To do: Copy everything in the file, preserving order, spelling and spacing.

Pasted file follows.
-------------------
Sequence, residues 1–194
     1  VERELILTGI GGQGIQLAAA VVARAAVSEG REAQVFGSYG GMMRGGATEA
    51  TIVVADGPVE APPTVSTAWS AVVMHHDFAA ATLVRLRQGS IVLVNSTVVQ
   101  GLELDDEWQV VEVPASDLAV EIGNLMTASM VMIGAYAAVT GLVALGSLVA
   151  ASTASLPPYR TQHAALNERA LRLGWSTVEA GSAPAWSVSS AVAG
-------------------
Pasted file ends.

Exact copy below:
Sequence, residues 1–194
     1  VERELILTGI GGQGIQLAAA VVARAAVSEG REAQVFGSYG GMMRGGATEA
    51  TIVVADGPVE APPTVSTAWS AVVMHHDFAA ATLVRLRQGS IVLVNSTVVQ
   101  GLELDDEWQV VEVPASDLAV EIGNLMTASM VMIGAYAAVT GLVALGSLVA
   151  ASTASLPPYR TQHAALNERA LRLGWSTVEA GSAPAWSVSS AVAG